As healthcare organizations increasingly face ransomware attacks that denies them access to their data, are these incidents breaches that they must report to the HHS Office for Civil Rights?
That’s a question that federal regulators and healthcare industry stakeholders must start answering, says David Holtzman, vice president of compliance strategies and security firm CynergisTek and a former OCR official.
In a typical breach incident, hackers are pursuing patient data to try and monetize, he notes. But ransomware hackers are different. They are not interested in exploiting specific patient data, but electronically confiscate it to interrupt access and extort payment.
So, technically, has the data been compromised? If an organization restores access to its data and the data never was compromised, Holtzman believes it is unlikely that the breach has to be reported. But there is a caveat: The HIPAA security rule requires appropriate safeguards to assure the confidentiality, integrity and availability of electronic protected health information. The mere introduction of malware would call into question the integrity of an organization’s PHI.
David HarlowWith ransomware, the availability of data has been affected, but the actual confidentiality of PHI has not been compromised. An organization, Holtzman says, could show OCR proof that no data was accessed and possibly avoid having the incident determined to have been a breach.
OCR, he adds, will take into consideration all the facts and circumstances of each incident in making its decision on what is or is not a reportable breach. OCR did not respond to a request for an interview.
OCR labels cyber attacks as hacking incidents, regardless of the form. Holtzman doesn’t believe OCR should create a separate category, distinct from hacking incidents, to assess the prevalence of these hacks. While there is value to the industry to understand the scope and size of incidents caused by cyber attacks, “they take many forms but have a common denominator of organizations being infiltrated and attacked.”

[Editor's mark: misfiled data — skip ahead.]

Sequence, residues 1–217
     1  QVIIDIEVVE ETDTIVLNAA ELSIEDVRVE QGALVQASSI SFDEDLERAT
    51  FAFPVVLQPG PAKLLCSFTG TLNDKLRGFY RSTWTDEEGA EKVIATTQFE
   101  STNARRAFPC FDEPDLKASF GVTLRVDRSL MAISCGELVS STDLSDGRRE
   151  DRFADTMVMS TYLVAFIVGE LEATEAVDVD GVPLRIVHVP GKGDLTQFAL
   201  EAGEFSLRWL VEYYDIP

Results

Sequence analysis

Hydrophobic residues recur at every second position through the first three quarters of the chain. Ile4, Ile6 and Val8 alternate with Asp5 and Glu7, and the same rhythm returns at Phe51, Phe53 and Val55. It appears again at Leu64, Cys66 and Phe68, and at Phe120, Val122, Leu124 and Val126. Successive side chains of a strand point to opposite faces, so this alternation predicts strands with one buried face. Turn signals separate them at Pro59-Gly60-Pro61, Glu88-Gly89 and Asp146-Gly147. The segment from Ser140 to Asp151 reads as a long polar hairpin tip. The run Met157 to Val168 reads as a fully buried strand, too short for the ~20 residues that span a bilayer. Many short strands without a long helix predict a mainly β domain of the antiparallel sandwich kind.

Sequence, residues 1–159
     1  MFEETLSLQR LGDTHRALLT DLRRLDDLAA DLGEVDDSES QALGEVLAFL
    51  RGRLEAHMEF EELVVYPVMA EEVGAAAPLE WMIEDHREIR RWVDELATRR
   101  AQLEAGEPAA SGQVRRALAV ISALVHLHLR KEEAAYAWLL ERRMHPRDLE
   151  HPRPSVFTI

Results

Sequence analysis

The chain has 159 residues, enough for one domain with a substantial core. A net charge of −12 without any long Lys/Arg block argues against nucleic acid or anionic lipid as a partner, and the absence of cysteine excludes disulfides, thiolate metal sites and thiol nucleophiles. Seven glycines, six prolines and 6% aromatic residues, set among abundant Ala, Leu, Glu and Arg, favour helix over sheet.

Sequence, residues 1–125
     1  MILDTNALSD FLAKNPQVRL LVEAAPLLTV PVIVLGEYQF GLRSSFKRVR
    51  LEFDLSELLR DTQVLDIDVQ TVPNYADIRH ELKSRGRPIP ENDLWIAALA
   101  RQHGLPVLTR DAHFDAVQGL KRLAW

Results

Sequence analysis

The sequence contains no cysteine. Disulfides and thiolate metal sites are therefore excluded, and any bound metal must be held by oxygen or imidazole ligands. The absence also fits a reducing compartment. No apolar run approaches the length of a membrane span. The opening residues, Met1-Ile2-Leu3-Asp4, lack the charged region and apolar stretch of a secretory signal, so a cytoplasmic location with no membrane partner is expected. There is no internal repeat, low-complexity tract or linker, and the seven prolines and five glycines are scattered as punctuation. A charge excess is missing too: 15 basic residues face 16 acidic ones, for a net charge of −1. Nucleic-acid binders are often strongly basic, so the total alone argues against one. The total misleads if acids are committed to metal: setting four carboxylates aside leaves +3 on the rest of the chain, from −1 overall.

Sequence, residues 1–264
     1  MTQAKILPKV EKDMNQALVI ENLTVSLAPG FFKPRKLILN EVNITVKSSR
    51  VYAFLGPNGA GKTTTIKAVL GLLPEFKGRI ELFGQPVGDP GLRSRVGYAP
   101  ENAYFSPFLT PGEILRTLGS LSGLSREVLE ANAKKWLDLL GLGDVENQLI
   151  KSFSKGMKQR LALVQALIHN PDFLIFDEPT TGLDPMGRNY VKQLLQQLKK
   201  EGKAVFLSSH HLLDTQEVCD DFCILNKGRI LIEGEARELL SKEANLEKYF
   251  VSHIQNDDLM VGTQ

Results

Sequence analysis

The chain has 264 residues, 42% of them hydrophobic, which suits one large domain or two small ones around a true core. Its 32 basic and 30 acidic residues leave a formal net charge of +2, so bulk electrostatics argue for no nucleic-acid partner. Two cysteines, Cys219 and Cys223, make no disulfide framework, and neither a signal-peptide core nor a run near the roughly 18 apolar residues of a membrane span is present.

David Harlow, principal at The Harlow Group, a healthcare law and consulting firm, agrees that ransomware attacks could be seen as a non-reportable event.
“My understanding of ransomware attacks is that they rarely, if ever, involve the attacker actually bothering to access, acquire, use or disclose PHI—regulatory prerequisites to a finding of a data breach under HIPAA,” he says. “Instead, the attacker makes it impossible for the owner of the data to access or use the data. While that is a bad thing, it is not a ‘breach’ as defined under HIPAA.”
Law enforcement agencies, Harlow adds, often advise targets to pay ransom. “Many attackers set their ransoms low enough so that it will be in the clear interest of their targets to pay and get back to business as usual.”
But further peril can await a healthcare organization after a ransomware attack is over, Harlow warns. “It won’t be long before a patient brings a private lawsuit against a healthcare institution for damages caused by the institution’s negligent security practices which led predictably to a loss of data access and thereby to a bad clinical outcome. This could piggyback on investigative findings by the licensing or certification agency that may come knocking once word gets out about a hospital’s inability to function as expected due to a ransomware attack.”
(This article appears courtesy of our sister publication, Health Data Management)